The E618 is the most advanced elliptical trainer Nautilus offers to date. And with a sale price just under $1000, this elliptical machine is sporting some surprisingly impressive specs.
Highlights include a 22″ stride length, 29 built-in workout programs, and a generous warranty.
If you’re looking for an affordable, easy-to-use elliptical with enough workout variety to keep your exercise routines fresh for the long haul, the Nautilus E618 might just be the ticket.
This review is here to help you figure that out.
In this article, we’ll take a close look at everything this elliptical has to offer. We’ll dive into all the key performance specs as well as discuss all the additional features this model comes with.
After reading, you should have a better understanding of what this elliptical’s strengthens and weaknesses are and whether or not it’s the right elliptical to add to your home gym.
Nautilus E618 Elliptical Trainer
Nautilus is a very recognizable, popular home fitness brand. They’ve been thriving for 40 years or so, so something must be working.
One thing I like about the brand is that they keep things simple. They only offer cardio equipment and they only offer 3 models in each category (upright bikes, ellipticals, treadmills, recumbent bikes).
They also give their products really easy to remember names- all machines are labeled according to the first letter of what they are. For example, all elliptical model numbers start with an “E”. All treadmill models start with a “T”, and so on.
The numbers for each series are the same too: 614, 616, and 618.
As someone who reviews fitness equipment, I appreciate the simplicity of this system. Makes it a lot easier to keep track of all their machines.
Anyway, the E618 is Nautilus’s most advanced elliptical, as the “618” indicates. It comes with some pretty significant upgrades over the E616, including a longer stride length, heavier frame, and extended warranty.
All though this is the most expensive model in their elliptical lineup, I still consider it a budget elliptical (with a sale price under $1000).
- 22″ stride length
- 30 lb flywheel
- 29 workout programs
- 25 levels of magnetic resistance
- Power incline up to 10°
- Adjustable sight line console
- Bluetooth friendly
- Multi-position handlebars
- Quick touch resistance and incline buttons
- Chest strap heart rate monitor included
- USB charging port
- Good warranty
- 350 lb weight capacity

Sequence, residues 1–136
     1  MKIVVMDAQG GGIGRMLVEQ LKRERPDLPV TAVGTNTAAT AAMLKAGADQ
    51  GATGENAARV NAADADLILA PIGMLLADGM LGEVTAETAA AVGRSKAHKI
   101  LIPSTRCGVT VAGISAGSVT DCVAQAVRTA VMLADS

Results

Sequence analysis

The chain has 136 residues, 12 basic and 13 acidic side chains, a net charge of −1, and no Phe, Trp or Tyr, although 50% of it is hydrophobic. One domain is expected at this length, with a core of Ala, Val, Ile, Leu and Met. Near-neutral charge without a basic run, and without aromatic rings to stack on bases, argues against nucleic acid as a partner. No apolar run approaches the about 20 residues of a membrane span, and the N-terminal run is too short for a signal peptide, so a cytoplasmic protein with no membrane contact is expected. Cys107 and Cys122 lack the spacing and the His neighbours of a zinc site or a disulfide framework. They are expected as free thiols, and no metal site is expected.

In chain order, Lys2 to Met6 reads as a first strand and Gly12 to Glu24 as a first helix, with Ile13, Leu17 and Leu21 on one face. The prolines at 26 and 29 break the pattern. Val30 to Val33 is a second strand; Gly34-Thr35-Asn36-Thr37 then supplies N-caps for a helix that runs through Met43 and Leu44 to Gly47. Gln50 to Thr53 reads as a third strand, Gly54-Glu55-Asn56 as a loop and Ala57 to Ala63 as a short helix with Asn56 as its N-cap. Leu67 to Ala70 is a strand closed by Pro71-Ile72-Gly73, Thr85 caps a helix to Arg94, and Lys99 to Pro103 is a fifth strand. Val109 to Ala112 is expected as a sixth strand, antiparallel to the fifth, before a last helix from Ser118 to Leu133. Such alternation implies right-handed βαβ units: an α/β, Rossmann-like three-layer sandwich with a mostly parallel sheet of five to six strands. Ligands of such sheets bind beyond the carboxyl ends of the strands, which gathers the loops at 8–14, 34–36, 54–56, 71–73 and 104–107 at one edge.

- 22″ stride length could be too long for shorter users
- No bluetooth speakers
I think stride length is the most important performance spec to consider when looking at home ellipticals because it’s the stat that’s going to tell you the most about how comfortable that machine is to use.
In case you’re wondering, stride length is defined as the distance the two foot pedals move (front to back) during use. This spec is measured in inches and longer is considered better because it allows you to stretch out fully during use.
It’s kind of like comparing running to jogging- you can “run” on ellipticals with longer stride lengths and you can “jog” on ones with shorter stride lengths.
20″ is considered the gold standard for quality home ellipticals because it’s been shown that most people, regardless of height, can use a machine with a 20″ stride length fairly comfortably.
The taller and shorter than average people might be the exceptions, but generally speaking, you’re pretty safe with a 20″ stride length (for more specific info on finding the right stride length based on height, check out this guide).
The Nautilus E618 comes with a 22″ stride length, which is pleasantly surprising, especially for an elliptical in this price range.
The extra 2″ makes this is a nice choice for taller users (over 6′), but it could actually be a little too long for people under 5’3″. Shorter folks might feel like they’re having to out too far, which could be just as uncomfortable as being too cramped.
The frame on the E618 is robust, with a total weight of 210 lb (about 37 lb more than the E616). This extra weight adds stability to the elliptical, reducing unwanted movement during your workouts.
It also allows this elliptical to hold users weighing up to 350 lb, which is impressive for a budget elliptical.
Overall, the E618 scores highly in my book with a 22″ stride length and a 350 lb weight limit. This is awesome for the big and tall crowd, but might be a little too large for the height challenged.
After stride length, the next spec I immediately look at is flywheel weight. The flywheel is the part that spins as you pedal, creating the “feel” and the resistance you push against during your workouts.
The system is very similar to the ones used in most spin bikes.
Just like with spin bikes, when it comes to elliptical flywheels, heavier is usually considered better because they usually provide a smoother feel.
More weight creates more momentum as it spins. The added momentum reduces lag between pedal strokes, making for a smoother movement.
How heavy is heavy enough? This rule isn’t written in stone, but a 20 lb flywheel is usually heavy enough to provide a smooth, consistent feel.